# Pythagorean Theorem and Pythagorean Triples

## Square of the hypotenuse equals the sum of the squares of the legs.

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Pythagorean Theorem and Pythagorean Triples

What if a friend of yours wanted to design a rectangular building with one wall 65 ft long and the other wall 72 ft long? How can he ensure the walls are going to be perpendicular?

### Pythagorean Theorem and Pythagorean Triples

The sides of a right triangle are called legs (the sides of the right angle) and the side opposite the right angle is the hypotenuse. For the Pythagorean Theorem, the legs are “” and “” and the hypotenuse is “”.

Pythagorean Theorem: Given a right triangle with legs of lengths and and a hypotenuse of length , then .

Pythagorean Theorem Converse: If the square of the longest side of a triangle is equal to the sum of the squares of the other two sides, then the triangle is a right triangle.

There are several proofs of the Pythagorean Theorem, shown below.

#### Investigation: Proof of the Pythagorean Theorem

Tools Needed: pencil, 2 pieces of graph paper, ruler, scissors, colored pencils (optional)

1. On the graph paper, draw a 3 in. square, a 4 in. square, a 5 in square and a right triangle with legs of 3 and 4 inches.
2. Cut out the triangle and square and arrange them like the picture on the right.
3. This theorem relies on area. Recall from a previous math class, that the area of a square is length times width. But, because the sides are the same you can rewrite this formula as . So, the Pythagorean Theorem can be interpreted as . In this Investigation, the sides are 3, 4 and 5 inches. What is the area of each square?
4. Now, we know that , or . Cut the smaller squares to fit into the larger square, thus proving the areas are equal.
##### Another Proof of the Pythagorean Theorem

This proof is “more formal,” meaning that we will use letters, and to represent the sides of the right triangle. In this particular proof, we will take four right triangles, with legs and and hypotenuse and make the areas equal.

##### Pythagorean Triples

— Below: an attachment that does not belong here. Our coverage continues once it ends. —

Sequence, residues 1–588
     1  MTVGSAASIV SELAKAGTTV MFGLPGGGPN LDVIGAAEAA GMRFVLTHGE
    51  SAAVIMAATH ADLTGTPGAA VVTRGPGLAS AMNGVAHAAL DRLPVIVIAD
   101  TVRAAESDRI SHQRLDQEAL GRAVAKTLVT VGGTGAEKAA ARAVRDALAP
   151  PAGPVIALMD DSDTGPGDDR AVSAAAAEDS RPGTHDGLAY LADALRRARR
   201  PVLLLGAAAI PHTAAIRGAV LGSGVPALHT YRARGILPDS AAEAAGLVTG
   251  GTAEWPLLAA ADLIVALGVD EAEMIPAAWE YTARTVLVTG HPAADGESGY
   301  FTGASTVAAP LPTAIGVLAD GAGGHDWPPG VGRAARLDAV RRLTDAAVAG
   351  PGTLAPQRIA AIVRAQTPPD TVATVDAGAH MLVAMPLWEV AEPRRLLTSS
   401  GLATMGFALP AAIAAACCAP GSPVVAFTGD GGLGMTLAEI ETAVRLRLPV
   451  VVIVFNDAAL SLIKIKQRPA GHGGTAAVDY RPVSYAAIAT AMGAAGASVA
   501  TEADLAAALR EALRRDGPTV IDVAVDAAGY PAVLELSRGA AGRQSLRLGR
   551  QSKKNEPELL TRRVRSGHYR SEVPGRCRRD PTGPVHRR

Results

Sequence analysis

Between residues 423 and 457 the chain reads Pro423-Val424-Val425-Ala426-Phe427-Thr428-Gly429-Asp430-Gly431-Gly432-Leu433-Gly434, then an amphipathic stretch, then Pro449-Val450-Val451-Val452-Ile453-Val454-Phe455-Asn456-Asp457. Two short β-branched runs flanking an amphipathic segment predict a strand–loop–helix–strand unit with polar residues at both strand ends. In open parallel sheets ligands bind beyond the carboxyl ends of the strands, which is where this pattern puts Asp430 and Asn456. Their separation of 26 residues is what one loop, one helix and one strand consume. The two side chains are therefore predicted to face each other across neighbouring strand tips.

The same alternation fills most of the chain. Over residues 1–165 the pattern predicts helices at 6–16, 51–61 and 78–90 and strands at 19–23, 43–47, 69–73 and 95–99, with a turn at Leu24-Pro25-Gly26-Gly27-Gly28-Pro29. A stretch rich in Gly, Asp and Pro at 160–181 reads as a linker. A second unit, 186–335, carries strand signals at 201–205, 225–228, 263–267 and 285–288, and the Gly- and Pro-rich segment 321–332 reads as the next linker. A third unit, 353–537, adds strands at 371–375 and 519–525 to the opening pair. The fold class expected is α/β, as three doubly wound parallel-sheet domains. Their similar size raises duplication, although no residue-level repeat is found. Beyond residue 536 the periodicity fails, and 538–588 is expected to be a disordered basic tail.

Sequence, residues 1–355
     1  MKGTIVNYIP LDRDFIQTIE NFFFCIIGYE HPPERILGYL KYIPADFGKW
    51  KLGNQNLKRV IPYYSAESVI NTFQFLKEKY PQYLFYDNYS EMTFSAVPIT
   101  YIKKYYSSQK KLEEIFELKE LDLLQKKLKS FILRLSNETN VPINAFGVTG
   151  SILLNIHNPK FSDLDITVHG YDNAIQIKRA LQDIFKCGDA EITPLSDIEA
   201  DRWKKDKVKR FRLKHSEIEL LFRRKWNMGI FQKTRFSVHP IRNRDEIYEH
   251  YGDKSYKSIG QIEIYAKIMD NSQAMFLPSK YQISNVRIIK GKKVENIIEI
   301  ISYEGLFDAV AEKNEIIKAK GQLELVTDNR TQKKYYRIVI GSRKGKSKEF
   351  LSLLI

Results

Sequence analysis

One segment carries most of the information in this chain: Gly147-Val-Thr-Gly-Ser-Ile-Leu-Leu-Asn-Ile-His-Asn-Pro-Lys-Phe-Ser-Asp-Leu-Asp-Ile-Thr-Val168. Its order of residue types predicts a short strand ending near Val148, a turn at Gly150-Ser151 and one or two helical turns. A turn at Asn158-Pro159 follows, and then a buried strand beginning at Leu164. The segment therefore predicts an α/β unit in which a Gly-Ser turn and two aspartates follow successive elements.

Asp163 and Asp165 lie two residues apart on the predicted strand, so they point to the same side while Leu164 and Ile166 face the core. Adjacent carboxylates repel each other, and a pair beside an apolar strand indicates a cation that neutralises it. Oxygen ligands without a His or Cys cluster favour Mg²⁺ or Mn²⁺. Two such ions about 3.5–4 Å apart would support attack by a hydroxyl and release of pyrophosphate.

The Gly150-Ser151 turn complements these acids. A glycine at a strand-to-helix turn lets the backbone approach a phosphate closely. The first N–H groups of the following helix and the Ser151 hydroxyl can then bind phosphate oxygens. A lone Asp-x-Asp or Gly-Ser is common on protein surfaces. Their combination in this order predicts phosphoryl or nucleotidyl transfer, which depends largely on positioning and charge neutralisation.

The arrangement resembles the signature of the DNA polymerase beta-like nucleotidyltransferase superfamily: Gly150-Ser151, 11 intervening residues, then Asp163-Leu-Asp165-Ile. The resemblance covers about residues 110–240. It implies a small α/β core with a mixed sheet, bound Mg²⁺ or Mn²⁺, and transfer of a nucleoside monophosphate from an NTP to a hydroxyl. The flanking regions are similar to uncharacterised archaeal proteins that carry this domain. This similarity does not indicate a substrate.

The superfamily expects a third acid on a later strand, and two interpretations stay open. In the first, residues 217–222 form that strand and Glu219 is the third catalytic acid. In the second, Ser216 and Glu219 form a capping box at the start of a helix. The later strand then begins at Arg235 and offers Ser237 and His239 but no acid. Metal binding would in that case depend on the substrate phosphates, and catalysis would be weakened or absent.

A Pythagorean Triple is a set of three whole numbers that makes the Pythagorean Theorem true. The most frequently used Pythagorean triple is 3, 4, 5, as in Investigation 8-1. Any multiple of a Pythagorean triple is also considered a triple because it would still be three whole numbers. Therefore, 6, 8, 10 and 9, 12, 15 are also sides of a right triangle. Other Pythagorean triples are:

There are infinitely many Pythagorean triples. To see if a set of numbers makes a triple, plug them into the Pythagorean Theorem.

#### Determining if Given Lengths Make a Right Triangle

Do 6, 7, and 8 make the sides of a right triangle?

Plug in the three numbers into the Pythagorean Theorem. The largest length will always be the hypotenuse. . Therefore, these lengths do not make up the sides of a right triangle.

#### Finding the Length of the Hypotenuse

Find the length of the hypotenuse of the triangle below.

Let’s use the Pythagorean Theorem. Set and equal to 8 and 15 and solve for , the hypotenuse.

When you take the square root of an equation, usually the answer is +17 or -17. Because we are looking for length, we only use the positive answer. Length is never negative.

#### Determining if Given Lengths are a Pythagorean Triple

Is 20, 21, 29 a Pythagorean triple?

If is equal to , then the set is a triple.

Therefore, 20, 21, and 29 is a Pythagorean triple.

#### Recognizing Right Triangles

Determine if the triangle below is a right triangle.

Check to see if the three lengths satisfy the Pythagorean Theorem. Let the longest sides represent , in the equation.

The triangle is a right triangle.

#### Earlier Problem Revisited

To make the walls perpendicular, find the length of the diagonal.

In order to make the building rectangular, both diagonals must be 97 feet.

### Examples

#### Example 1